Bracing for Change

Originally written for Brit’ Mag, February 2009 (

Well folks, it’s a fact. McCain, Bush and the rest of the Republican cronies “misunderestimated” the Democratic ticket and on January 20th, the American people elected the first black president. No more “Bushisms” or unpopular decisions, no more lies about mysterious weapons of mass destruction, no more shoe dodging.

With the new U.S. president Barack Obama, Americans have not only shed the dead, tired skin of the Republican party, but they have regained world popularity, hope in the future, possibilities for national health insurance and a leader who looks great on a t-shirt.

But wait a second, aren’t we getting a little ahead of ourselves?
True, Obama-mania was the current that pushed the Democratic Party to a win in November. After months of campaigning, Obama was spotted in more locations at once than Sarkozy, his image popping up everywhere: on mugs, shoes, bumper stickers, dolls, homemade rap videos… even coffee blends. Towns, avenues and schools across the nation were named after the new prez, an act normally practiced post-mortem. The only thing stopping the U.S. from creating an Obama stamp is that it is illegal under federal law to do so with a living figure.

Yet, now that the Obama craze has tapered off, it’s down to business and Americans are waiting for the new president to deliver. The pundits and the people want to know what the big guy is actually going to do.

Forget four years – the real focus is on what Obama will accomplish in his first 100 days. Some say it’s the economic mess that will have to be cleaned up, while others cite national security as the top priority. He’s sure to face criticism over his decisions in Gaza, Iraq and Afghanistan, as well as the rapidity with which he is actually able to close the Guantanamo Bay prison, which he intends to do within his first week in the White House. Then there’s Biden’s infamous remark that has everyone wondering whether Obama will be “tested” with an international crisis within his first six months, just to get his feet wet.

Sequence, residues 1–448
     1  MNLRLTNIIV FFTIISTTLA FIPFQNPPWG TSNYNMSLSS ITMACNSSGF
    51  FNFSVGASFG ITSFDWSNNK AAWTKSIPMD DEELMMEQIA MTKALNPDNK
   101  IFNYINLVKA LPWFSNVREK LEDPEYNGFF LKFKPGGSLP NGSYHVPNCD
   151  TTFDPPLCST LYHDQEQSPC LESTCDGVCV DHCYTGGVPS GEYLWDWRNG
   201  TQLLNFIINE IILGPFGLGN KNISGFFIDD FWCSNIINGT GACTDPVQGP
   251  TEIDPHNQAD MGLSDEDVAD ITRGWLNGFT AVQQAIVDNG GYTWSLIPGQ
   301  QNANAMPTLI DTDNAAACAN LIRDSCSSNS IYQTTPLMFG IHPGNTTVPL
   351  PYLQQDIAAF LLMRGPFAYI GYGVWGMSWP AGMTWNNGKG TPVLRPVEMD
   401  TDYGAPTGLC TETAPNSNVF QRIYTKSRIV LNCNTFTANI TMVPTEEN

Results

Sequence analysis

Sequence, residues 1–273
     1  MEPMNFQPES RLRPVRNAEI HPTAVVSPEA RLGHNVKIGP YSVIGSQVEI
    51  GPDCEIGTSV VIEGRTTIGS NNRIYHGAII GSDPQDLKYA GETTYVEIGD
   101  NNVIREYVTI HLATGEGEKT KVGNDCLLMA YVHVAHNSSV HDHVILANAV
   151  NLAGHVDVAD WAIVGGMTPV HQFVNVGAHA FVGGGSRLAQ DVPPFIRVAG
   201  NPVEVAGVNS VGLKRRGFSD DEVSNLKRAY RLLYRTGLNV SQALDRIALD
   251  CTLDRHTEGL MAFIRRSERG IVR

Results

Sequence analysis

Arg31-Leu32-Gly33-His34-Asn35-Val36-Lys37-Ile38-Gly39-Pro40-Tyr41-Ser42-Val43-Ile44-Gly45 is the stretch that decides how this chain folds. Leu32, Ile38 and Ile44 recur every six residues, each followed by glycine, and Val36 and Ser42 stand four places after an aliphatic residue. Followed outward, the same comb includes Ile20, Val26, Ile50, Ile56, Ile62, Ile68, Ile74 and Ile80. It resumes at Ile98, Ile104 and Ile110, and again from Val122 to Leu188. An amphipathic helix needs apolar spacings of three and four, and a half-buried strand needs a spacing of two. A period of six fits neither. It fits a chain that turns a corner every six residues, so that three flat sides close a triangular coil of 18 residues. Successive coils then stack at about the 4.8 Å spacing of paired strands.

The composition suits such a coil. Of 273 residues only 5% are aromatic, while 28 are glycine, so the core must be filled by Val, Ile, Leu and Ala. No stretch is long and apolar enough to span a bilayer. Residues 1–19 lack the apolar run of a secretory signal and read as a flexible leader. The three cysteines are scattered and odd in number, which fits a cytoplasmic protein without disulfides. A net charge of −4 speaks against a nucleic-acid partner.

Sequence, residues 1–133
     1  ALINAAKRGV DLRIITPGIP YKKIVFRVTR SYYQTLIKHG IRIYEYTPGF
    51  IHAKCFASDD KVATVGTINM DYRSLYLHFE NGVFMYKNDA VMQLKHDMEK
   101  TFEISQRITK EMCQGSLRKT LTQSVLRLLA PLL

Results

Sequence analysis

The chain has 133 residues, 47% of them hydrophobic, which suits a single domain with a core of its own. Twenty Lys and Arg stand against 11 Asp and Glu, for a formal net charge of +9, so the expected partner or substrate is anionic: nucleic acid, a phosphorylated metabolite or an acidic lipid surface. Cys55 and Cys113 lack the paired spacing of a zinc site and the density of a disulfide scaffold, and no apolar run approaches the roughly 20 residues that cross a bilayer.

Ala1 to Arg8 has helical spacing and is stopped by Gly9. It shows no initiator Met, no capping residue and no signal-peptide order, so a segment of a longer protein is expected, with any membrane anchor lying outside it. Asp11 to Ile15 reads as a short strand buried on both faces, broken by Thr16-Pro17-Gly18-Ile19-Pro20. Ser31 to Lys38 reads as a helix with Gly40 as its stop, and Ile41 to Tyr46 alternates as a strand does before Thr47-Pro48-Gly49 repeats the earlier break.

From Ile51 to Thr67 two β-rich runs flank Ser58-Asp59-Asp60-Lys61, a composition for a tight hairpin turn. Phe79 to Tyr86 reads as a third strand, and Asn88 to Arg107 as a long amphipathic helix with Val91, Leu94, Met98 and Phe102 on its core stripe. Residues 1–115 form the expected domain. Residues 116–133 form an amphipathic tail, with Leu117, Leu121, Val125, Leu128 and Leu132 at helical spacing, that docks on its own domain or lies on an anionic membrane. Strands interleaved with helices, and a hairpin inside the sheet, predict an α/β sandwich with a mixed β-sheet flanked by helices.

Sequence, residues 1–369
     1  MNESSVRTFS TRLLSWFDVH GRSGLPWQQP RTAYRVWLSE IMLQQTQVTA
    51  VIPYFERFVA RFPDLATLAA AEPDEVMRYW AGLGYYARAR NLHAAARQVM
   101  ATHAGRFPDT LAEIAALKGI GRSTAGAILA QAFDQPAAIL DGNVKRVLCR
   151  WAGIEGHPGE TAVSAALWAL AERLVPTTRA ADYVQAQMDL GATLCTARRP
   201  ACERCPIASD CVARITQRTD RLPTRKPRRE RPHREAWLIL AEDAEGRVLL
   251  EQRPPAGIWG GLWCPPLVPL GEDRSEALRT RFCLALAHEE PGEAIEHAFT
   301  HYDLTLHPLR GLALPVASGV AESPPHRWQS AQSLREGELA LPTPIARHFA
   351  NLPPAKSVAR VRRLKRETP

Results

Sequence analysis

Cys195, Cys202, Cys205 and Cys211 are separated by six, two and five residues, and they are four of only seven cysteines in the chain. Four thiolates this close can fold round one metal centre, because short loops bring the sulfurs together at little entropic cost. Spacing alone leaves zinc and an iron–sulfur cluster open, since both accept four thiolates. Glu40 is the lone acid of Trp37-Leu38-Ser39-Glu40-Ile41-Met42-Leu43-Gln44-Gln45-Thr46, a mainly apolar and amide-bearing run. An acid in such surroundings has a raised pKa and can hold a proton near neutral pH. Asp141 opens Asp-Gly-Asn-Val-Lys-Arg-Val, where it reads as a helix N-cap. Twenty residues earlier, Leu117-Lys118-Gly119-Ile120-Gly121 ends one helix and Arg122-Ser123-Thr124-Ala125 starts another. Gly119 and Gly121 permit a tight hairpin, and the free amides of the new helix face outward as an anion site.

Regardless of what Obama does first, speed will no doubt be a factor – and he’s bound to disappoint a thousand or two on this one. While “the first 100 days” is a nice catch-phrase, Obama will have trouble meeting the expectations of an exasperated American public who has been waiting for change for much too long.

Socialism was touted as evil amongst the Republicans during the campaign, but much of what Americans want is something resembling the throwback European socialist model: comprehensive universal healthcare, unemployment aid, paid back-to-work training, social services… and more vacation days, while we’re at it. Isn’t this what everyone wants and should have? Sure, but will we have to wait another four years before we get it?

As Americans watch from the sidelines, anxiously chewing their fingernails, Obama has one thing to his credit: crisis. Things are so incredibly bad at the moment that one needn’t knock on wood before saying, “At least things can’t get any worse.” Even one new piece of legislation may feed the need for change that Americans have so desperately craved since Obama first announced his nomination. With so much hope and expectation involved, one might say that Obama’s got this one in the bag.